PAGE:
Over the past decade, South Dakota saw a significant increase in the number of juveniles arrested for drug crimes, and officials see few signs that the arrests will fall anytime soon despite recent reforms of the state juvenile justice system.
According to state crime data, the number of youths arrested on drug charges such as possession, use and distribution nearly doubled from 579 in 2008 to 1,043 in 2012. Since 2012, the number of juvenile arrests for drug crimes hasn’t fallen below 948. The number peaked at 1,062 in 2015, the same year a set of sweeping new juvenile justice reforms went into effect.
State officials are uncertain whether the upward trend in arrests means that more young people are actually using drugs, if more are being caught due to increased enforcement, or whether the juvenile justice system reforms of 2015 that sought to keep juveniles out of jail has inadvertently led to a higher re-offense rate by some juvenile drug users. The number of juveniles arrested for all other crimes not related to drugs has fallen across the state in recent years.
The rise in juvenile drug arrests comes as the state is already grappling with increased arrest rates of adults on drug charges. The number of adults arrested for drug crimes in South Dakota climbed from 2,778 in 2008 to 9,080 in 2018, an increase of nearly 227%.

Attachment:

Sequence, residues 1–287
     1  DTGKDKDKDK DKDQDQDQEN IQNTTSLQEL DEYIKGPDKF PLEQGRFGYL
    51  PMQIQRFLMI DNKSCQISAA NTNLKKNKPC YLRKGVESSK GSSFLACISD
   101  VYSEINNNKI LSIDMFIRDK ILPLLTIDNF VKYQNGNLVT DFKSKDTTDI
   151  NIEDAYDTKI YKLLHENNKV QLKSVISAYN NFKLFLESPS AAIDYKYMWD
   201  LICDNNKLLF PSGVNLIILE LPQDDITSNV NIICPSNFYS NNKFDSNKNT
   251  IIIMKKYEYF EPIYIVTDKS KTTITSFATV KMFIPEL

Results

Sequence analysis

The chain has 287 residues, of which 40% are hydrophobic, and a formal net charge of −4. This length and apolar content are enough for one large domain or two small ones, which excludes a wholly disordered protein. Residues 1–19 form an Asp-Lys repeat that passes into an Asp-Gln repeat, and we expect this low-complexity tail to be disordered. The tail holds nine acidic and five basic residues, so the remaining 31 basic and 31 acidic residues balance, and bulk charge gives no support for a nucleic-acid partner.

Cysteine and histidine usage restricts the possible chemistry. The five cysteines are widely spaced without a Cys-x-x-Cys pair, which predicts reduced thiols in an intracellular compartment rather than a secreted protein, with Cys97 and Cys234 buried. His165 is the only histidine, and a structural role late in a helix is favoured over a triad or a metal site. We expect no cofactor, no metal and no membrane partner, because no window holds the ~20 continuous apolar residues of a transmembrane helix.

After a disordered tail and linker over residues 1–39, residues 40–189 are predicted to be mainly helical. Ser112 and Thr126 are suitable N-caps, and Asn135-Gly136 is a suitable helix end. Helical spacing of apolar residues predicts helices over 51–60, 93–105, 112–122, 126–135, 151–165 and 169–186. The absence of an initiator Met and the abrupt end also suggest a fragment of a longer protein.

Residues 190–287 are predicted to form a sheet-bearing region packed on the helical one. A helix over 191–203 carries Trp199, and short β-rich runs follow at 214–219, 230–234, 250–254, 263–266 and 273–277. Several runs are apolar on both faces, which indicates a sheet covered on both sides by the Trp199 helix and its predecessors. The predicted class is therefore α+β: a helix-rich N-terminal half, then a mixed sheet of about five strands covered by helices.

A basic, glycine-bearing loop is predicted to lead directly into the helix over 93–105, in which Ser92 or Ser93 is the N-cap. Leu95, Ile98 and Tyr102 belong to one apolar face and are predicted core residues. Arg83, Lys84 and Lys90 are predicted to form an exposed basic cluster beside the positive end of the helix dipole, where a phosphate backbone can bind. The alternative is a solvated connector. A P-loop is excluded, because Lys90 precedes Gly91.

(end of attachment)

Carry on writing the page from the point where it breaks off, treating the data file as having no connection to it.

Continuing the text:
Law enforcement and judicial officials have in the past blamed much of the rise in adult arrests on the methamphetamine epidemic and also the proliferation of opioid addiction in South Dakota. While the reasons for the climbing juvenile drug arrests are less clear, the arrest numbers for juveniles and adults are causing concern among state officials that the drug problem in South Dakota needs constant focus.
“Drug crime is something that’s growing in South Dakota, and it’s something we need to pay attention to,” said Tim Bormann, chief of staff to South Dakota Attorney General Jason Ravnsborg.
The high juvenile drug arrest rate gave the state some unflattering national attention earlier this year. In March, 2019, a study conducted by the Greenhouse Treatment Facility in Grand Prairie, Texas, showed that South Dakota had the highest juvenile drug arrest rate in the nation in 2017. According to the study, 1,056 juvenile drug arrests were made that year, a rate of more than 45 juveniles per 10,000 South Dakotans under the age of 18. The Greenhouse study was based on data from the Federal Bureau of Investigation’s 2017 Uniform Crime Report.
By comparison, Wyoming, the state with the second-highest rate of juvenile drug arrests in the study, had 579 such arrests and a rate of about 35 drug arrests per 10,000 juveniles. North Dakota was third in the ranking, with 479 juvenile drug arrests for about 17 arrests per 10,000 juveniles in 2017.
Minnesota, population 5.6 million, reported 1,893 total juvenile drug arrests in 2017 for a rate of about 14 arrests per 10,000 youths. Montana, Iowa and Nebraska all reported fewer juvenile drug arrests than South Dakota and much lower arrest rates.
South Dakota officials, however, say the rate in the Greenhouse study doesn’t tell the whole story.